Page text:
- 1997 - Allegro 2.1, which is about when I discovered it and wrote Barney Mutilator
- 2000 - Shawn starts significantly withdrawing from active development
Episode 6: Shawn Hargreaves discussion thread
At one point in the interview, I assert that the General MIDI standard was based on the instrument choice of the Roland Sound Canvas. It turns out this is half-true; I had misremembered a story from The Fat Man on Game Audio, which incidentally is probably my favourite book ever written on the subject of the video game industry. If you can track down the book, I definitely recommend doing so, but here's the timeline as he lays it out:
- General MIDI is created as a standard. It defines 128 instruments.
- The Roland Sound Canvas is released as the first General MIDI sound card.
- George "The Fat Man" Sanger decides to compose the soundtrack of The 7th Guest using General MIDI, in order to attempt to ensure the music will sound OK for future sound cards. It is the first game to have its score written in General MIDI. He uses the Sound Canvas as the baseline because there are no other General MIDI cards out there yet.
- More sound cards touting General MIDI compatibility are released. His soundtrack sounds awful. He discovers to his horror that General MIDI does not define any standard for the dynamics of an instrument - how loud it is, or even what pitch middle C should sound.
- Fat Labs is founded to basically make sure The 7th Guest doesn't sound awful on new sound cards. Google "Fat Labs General MIDI" and you'll find a number of press releases from the 90s proudly proclaiming that their sound card has earned "The Fat Seal".
- Eventually the MIDI standards committee accedes that the only sensible solution is to take whatever dynamics Roland used for their Sound Canvas samples and use them as the standard for all cards going forward.
There are also a lot of DOS games that come out around this time that credit The Fat Man for their General MIDI FM patches for Adlib cards - this is because he bundled it with the popular MIDAS Sound System library, that allowed DOS games to support the vast numbers of incompatible sound cards that were being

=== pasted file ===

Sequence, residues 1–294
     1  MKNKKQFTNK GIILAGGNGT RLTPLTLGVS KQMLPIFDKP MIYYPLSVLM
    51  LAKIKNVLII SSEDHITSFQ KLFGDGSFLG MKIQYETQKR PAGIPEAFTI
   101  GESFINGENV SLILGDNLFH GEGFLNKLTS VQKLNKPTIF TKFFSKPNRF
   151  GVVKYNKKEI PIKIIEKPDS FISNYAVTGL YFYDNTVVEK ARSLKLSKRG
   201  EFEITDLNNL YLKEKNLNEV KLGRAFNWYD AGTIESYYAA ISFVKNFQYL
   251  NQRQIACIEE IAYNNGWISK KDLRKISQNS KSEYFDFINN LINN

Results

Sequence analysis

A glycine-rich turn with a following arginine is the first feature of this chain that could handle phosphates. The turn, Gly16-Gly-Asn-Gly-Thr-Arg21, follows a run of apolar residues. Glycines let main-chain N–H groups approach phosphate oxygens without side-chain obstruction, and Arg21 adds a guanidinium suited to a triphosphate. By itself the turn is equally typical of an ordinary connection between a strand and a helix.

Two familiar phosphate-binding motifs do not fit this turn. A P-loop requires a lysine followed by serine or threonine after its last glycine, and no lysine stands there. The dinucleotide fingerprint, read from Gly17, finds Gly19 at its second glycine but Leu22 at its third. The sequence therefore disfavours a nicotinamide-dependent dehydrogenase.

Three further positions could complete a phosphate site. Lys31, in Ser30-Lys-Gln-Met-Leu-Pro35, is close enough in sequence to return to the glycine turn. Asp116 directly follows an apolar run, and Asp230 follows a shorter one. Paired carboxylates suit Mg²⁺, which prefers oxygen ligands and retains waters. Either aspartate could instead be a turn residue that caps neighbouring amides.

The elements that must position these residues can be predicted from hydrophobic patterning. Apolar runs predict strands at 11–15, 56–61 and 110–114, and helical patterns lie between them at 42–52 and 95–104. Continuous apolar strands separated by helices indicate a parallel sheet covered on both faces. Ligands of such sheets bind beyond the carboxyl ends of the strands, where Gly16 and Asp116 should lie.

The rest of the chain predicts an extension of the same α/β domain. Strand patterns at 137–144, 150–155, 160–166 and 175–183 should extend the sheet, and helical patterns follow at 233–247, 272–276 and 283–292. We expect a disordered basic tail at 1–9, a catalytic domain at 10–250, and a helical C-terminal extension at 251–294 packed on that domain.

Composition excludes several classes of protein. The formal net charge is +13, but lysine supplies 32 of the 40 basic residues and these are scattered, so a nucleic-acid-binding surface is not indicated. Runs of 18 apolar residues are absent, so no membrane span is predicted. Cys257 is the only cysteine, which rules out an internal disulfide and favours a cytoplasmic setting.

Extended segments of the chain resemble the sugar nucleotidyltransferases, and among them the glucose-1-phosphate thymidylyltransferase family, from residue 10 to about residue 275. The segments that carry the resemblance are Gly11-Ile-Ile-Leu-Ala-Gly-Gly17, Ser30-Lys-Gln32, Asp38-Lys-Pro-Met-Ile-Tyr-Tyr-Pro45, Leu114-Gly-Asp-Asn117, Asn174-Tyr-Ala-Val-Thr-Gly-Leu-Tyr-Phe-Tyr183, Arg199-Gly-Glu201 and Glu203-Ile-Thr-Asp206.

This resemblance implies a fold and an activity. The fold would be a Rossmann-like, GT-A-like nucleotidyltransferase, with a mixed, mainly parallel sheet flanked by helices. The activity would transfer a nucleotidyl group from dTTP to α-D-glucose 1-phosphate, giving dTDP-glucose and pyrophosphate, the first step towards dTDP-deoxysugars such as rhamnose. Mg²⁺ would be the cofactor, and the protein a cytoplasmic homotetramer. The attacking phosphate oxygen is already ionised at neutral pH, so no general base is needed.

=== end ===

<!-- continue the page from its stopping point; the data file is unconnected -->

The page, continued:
released at that point.
Knowing this story is what made me wonder, wait, where did Allegro get its General MIDI instrument patches from? And I got sufficiently curious about this that I dug into the source code, and found the following comment:
/* These instrument definitions are taken from the MID-KIT library by * John Pollard. Many thanks to him for letting me use his patches: I * wouldn't have enjoyed the task of coming up with a set of my own. */
Further digging reveals that MID-KIT was a shareware library that provided sound and music routines for DOS for the Watcom C compiler. Registration was $50 for a "link the binary with your software" license, and you could get the source code for $600. The author, John Pollard, credits Jean-Paul Mikkers, original creator of the Mikmod library, for assistance and some code. (One thing I had forgotten was that mikmod was also once shareware, though the $25 registration fee was only required for those using it commercially.)
Shawn doesn't remember any details about this; he assumes he must've went looking for existing software that had already solved this problem, and then simply asked the author for help.
Why is this important or even interesting to anyone? Part of what I'm interested in uncovering as part of this podcast is the invisible support networks and ecosystems that made games possible. It's too easy to imagine Shawn toiling away in isolation to produce the first draft of Allegro, and then support and code contributions just spontaneously flowing in his direction. But when you dig into questions like this, you quickly discover a bunch of people sharing knowledge, asking questions, and helping each other out.
Thanks for sticking with me during this extremely dorky and overly technical aside about MIDI. Now: If you had any personal experience using Allegro, or playing games that came out of the loose Allegro community, this would be a good thread in which to talk about it!
Jeremy Penner and Mattie Brice discuss Glorious Trainwrecks
So I went to Babycastles and spoke with Mattie Brice about Glorious Trainwrecks and its history! It was a really good time, and I suspect the following hour-and-a-half-long video may be interesting to people who enjoy listening to the podcast.
RE: Episode 5: Leonard Richardson discussion thread
Gosh, yeah, the Minecraft project is SO huge. Like, it's not just terabytes of random zip files, he took the time to build tools to analyze and make it digestable. So if you want to explore a representative sampling of random Minecraft maps from the archive, there's The Reef maps. If you want a bunch of data to build Mastodon bots with, there's The Minecraft Geologic Survey. It must have been an enormous amount of effort to put all that stuff together. And pretty much once a year he takes another huge sample.
He also has the Ephemeral Software Collection which, among other things, scrapes jam games from Github. Important work!